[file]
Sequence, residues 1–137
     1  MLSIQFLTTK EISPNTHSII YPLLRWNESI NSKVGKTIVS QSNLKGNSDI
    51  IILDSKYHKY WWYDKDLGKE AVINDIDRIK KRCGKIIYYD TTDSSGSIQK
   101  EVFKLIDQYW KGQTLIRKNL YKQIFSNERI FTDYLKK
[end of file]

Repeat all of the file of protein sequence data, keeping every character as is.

Sequence, residues 1–137
     1  MLSIQFLTTK EISPNTHSII YPLLRWNESI NSKVGKTIVS QSNLKGNSDI
    51  IILDSKYHKY WWYDKDLGKE AVINDIDRIK KRCGKIIYYD TTDSSGSIQK
   101  EVFKLIDQYW KGQTLIRKNL YKQIFSNERI FTDYLKK